Background In most low- and middle-income countries (LMICs), the resources to accurately quantify injury severity using traditional injury scoring systems are limited. Novel injury scoring systems appear to have adequate discrimination for mortality in LMIC contexts, but they have not been rigorously compared where traditional injury scores can be accurately calculated. To determine whether novel injury scoring systems perform as well as traditional ones in a HIC with complete and comprehensive data collection. Methods Data from an American level-I trauma registry collected 2008-2013 were used to compare three traditional injury scoring systems: Injury Severity Score (ISS); Revised Trauma Score (RTS); and Trauma Injury Severity Score (TRISS); and three novel injury scoring systems: Kampala Trauma Score (KTS); Mechanism, GCS, Age and Pressure (MGAP) score; and GCS, Age and Pressure (GAP) score. Logistic regression was used to assess the association between each scoring system and mortality. Standardized regression coefficients (β2), Akaike information criteria, area under the receiver operating characteristics curve, and the calibration line intercept and slope were used to evaluate the discrimination and calibration of each model. Results Among 18,746 patients, all six scores were associated with hospital mortality. GAP had the highest effect size, and KTS had the lowest median Akaike information criteria. Although TRISS discriminated best, the discrimination of KTS approached that of TRISS and outperformed GAP, MGAP, RTS, and ISS. MGAP was best calibrated, and KTS was better calibrated than RTS, GAP, ISS, or TRISS. Conclusions The novel injury scoring systems (KTS, MGAP, and GAP), which are more feasible to calculate in low-resource settings, discriminated hospital mortality as well as traditional injury scoring systems (ISS and RTS) and approached the discrimination of a sophisticated, data-intensive injury scoring system (TRISS) in a high-resource setting. Two novel injury scoring systems (KTS and MGAP) surpassed the calibration of TRISS. These novel injury scoring systems should be considered when clinicians and researchers wish to accurately account for injury severity. Implementation of these resource-appropriate tools in LMICs can improve injury surveillance, guiding quality improvement efforts, and supporting advocacy for resource allocation commensurate with the volume and severity of trauma.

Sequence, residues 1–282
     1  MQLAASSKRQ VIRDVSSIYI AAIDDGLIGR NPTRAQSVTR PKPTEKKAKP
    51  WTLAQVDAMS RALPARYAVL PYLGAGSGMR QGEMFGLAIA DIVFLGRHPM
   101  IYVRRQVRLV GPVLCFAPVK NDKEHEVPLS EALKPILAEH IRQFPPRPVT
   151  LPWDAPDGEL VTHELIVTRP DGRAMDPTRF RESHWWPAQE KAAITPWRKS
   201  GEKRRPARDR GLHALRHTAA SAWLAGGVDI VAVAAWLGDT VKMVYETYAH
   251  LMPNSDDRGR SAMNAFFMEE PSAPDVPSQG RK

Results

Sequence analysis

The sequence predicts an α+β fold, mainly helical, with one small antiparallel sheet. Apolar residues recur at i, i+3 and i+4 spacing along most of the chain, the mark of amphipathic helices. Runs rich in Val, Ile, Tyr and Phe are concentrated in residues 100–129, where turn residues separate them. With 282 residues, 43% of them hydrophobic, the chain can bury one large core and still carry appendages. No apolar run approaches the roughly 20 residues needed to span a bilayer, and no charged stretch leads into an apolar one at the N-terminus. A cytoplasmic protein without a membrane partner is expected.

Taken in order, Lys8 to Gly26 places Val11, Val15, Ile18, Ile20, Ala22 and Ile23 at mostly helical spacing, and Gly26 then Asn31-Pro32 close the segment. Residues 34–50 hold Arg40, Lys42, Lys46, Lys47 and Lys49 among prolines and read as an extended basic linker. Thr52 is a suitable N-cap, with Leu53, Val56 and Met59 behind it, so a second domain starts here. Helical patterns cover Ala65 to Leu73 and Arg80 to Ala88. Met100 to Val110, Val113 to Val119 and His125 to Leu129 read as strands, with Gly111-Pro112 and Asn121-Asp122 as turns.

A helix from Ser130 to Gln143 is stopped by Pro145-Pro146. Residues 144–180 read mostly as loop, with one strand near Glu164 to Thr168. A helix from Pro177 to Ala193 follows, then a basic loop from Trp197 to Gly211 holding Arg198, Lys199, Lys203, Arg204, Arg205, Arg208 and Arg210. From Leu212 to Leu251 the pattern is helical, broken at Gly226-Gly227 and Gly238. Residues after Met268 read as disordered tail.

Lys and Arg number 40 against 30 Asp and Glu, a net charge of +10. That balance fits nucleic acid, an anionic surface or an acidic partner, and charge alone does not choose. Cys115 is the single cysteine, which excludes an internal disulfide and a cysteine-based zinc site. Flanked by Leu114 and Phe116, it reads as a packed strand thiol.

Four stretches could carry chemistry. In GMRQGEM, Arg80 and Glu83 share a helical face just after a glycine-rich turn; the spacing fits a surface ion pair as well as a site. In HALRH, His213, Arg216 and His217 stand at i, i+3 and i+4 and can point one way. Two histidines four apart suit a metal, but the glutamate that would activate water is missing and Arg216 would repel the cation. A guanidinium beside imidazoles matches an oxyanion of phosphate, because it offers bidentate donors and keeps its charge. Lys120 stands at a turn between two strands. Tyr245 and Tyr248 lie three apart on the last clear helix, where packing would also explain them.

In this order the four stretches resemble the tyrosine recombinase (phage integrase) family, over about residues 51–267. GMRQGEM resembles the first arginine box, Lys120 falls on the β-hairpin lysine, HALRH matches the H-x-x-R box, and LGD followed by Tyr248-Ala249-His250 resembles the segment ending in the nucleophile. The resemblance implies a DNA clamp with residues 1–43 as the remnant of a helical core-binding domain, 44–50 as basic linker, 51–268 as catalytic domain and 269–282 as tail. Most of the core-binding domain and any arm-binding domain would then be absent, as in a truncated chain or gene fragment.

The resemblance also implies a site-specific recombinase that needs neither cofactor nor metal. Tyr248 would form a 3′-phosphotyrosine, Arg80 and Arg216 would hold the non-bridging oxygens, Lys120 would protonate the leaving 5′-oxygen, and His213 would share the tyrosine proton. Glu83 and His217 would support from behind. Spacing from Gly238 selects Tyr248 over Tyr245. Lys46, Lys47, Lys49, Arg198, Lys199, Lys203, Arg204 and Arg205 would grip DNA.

- Injury severity scores
- Low- and middle-income countries